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 Publications & Resources

Zika Corner
 
Zika Topic of the Week
The Centers for Disease Control and Prevention (CDC) will release weekly topics related to Zika prevention. This week's topic is mosquito control. Learn what steps families should take in order to prevent Zika at home. The CDC has also developed a series of Zika-related communications toolkits in multiple languages.

Local MCH Response to Zika
City MatCH facilitated a learning network call that focused on how health departments are preventing and mitigating the effects of Zika, how they are communicating about Zika and how they are using data to achieve impact. To access the recording, click here. Additional resources related to this call are also available.

General & Maternal Child Health
 
U.S. Medical Eligibility Criteria for Contraceptive Use, 2016
The United States Medical Eligibility Criteria (MEC) includes evidence-based recommendations for using specific contraceptive methods by women and men who have certain characteristics or medical conditions. The 2016 U.S. MEC updates the 2010 U.S. MEC with new guidance including recommendations for women with cystic fibrosis and multiple sclerosis, and women using certain psychotropic drugs; revisions to the recommendations for emergency contraception; and revisions for postpartum women. To access the resource, click here.
 
U.S. Selected Practice Recommendations for Contraceptive Use, 2016
The United States Selected Practice Recommendations (SPR) provides evidence-based recommendations for common, but sometimes complex, questions regarding initiation and use of specific contraceptives. The 2016 U.S. SPR updates the previous 2013 SPR with new guidance including recommendations for the use of medications to ease insertion of intrauterine devices and revised recommendations for starting regular contraception after the use of emergency contraception pills. To access the resource, click here.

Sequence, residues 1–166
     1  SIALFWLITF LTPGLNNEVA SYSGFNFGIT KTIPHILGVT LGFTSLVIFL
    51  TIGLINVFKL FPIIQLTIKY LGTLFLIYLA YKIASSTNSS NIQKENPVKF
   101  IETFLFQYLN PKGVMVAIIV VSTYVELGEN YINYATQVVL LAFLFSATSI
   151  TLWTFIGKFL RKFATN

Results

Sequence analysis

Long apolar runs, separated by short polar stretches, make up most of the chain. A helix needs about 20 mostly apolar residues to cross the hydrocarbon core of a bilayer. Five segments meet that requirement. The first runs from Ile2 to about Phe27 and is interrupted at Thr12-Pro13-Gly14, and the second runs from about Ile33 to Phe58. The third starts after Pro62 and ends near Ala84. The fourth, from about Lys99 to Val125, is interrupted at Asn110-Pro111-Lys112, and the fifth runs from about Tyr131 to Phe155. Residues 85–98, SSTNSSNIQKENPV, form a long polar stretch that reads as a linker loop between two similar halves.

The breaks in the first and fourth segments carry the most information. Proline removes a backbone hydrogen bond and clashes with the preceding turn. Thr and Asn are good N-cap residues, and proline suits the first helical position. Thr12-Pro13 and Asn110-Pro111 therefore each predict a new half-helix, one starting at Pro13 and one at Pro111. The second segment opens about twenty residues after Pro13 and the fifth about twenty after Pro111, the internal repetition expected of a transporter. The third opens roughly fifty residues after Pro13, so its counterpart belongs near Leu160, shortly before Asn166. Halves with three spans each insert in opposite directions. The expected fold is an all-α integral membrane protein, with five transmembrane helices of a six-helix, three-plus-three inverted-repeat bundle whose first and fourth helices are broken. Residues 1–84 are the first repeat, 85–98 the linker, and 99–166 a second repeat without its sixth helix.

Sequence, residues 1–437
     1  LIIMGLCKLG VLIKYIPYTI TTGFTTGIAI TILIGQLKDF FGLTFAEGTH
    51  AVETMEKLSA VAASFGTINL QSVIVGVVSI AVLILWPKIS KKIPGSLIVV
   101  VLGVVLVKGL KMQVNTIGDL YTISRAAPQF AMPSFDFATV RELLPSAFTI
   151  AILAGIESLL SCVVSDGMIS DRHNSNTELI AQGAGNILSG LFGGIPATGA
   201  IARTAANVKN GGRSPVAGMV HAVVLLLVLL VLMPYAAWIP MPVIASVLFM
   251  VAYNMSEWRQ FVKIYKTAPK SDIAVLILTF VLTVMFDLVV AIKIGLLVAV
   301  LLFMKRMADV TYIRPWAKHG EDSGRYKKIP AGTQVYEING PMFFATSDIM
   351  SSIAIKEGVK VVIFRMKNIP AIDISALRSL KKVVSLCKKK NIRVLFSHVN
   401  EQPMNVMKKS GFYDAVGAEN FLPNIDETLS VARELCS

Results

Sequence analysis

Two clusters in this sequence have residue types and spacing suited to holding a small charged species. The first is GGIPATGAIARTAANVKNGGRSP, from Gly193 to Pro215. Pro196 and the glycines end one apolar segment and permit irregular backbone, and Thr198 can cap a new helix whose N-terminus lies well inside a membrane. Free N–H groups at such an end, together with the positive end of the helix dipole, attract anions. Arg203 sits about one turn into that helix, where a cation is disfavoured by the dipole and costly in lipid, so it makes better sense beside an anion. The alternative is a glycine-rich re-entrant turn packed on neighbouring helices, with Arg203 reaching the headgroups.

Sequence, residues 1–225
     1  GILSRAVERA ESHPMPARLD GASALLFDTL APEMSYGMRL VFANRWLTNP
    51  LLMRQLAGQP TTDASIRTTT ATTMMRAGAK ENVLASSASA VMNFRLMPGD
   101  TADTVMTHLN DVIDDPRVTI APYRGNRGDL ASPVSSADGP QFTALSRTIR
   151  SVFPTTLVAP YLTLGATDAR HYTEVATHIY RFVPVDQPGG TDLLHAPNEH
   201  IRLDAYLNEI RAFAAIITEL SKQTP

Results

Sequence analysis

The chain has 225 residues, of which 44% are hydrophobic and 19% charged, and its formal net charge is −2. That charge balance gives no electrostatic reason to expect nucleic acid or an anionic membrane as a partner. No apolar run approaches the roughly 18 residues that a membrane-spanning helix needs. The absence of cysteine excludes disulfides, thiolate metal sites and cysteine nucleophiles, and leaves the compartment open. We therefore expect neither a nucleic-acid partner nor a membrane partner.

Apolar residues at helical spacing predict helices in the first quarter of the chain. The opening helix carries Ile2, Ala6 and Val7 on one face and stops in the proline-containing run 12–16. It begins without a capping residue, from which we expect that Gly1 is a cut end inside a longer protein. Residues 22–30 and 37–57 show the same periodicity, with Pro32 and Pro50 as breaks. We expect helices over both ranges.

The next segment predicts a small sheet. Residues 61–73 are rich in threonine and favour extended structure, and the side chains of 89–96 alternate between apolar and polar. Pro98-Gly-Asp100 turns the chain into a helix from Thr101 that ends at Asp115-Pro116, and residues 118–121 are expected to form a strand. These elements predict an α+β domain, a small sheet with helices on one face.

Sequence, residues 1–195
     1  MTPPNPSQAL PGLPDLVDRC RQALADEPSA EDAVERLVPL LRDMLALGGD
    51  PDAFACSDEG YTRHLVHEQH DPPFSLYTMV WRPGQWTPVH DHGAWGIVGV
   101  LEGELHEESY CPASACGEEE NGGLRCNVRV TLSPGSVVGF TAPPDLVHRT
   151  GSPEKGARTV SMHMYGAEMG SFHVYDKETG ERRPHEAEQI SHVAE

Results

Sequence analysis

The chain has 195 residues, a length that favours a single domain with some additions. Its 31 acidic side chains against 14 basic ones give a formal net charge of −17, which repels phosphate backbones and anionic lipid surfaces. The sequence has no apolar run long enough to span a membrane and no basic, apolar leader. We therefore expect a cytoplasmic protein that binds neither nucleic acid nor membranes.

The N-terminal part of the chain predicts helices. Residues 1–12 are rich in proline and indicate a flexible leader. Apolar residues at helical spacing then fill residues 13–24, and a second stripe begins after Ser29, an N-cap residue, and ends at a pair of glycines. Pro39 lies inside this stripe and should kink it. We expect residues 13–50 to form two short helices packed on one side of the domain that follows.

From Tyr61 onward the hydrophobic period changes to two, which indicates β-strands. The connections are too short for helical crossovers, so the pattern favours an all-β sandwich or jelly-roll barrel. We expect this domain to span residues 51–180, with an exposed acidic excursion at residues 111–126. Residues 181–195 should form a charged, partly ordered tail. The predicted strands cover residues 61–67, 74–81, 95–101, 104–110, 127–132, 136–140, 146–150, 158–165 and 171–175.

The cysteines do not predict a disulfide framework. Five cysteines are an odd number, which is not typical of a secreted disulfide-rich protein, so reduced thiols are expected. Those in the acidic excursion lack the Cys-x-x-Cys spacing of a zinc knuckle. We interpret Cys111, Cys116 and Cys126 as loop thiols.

Health Reform Implementation in Maternal and Child Health
 
New Reports Shed Light on Family Engagement in Title V

Families play an increasingly important role in helping to improve maternal and child health programs to serve low-income families and children with special needs, according to new reports by the Association of Maternal & Child Health Programs.

AMCHP conducted a nationwide survey of family engagement policies and practices in Title V maternal and child health programs and programs for children and youth with special health care needs. The survey report and companion case studies – produced with the support of the Lucile Packard Foundation for Children's Health and the U.S. Maternal and Child Health Bureau – spotlight effective practices and areas for improvement.

Among the findings: Almost all MCH and CYSHCN survey respondents said they seek family input, but many struggle with the nuts and bolts of meaningfully employing, compensating and engaging families.

The report, Sustaining and Diversifying Family Engagement in Title V MCH and CYSHCN Programs, is published as a series of briefs that detail the results in specific areas: Creating a Culture of Family Engagement; Levels of Family Engagement; Roles of Family Staff or Consultants; Family Members Employed as Staff; Sustaining and Diversifying Family Engagement; and Evaluating Family Engagement. The case studies provide examples of engaging families and diverse populations in five states.

Women's & Infant Health

Expansion of PRAMS and Release of New Data
The Pregnancy Risk Assessment Monitoring System (PRAMS) is part of the Centers for Disease Control and Prevention's Safe Motherhood and Infant Health Initiative. It was developed to reduce infant morbidity and mortality by providing data that was not available on pregnancy and the first few months after birth. PRAM's data is used to identify groups of women and infants at high risk for health problems, provide information for state health officials to improve the health of mothers and infants, allow states and the CDC to monitor changes in maternal and child health indicators, and address emerging issues of particular concern to pregnant women. As of May 2016, PRAMS was funded in 51 sites and covered 83 percent of all live births in the United States. To request data from the most recent year available (2013), click here.

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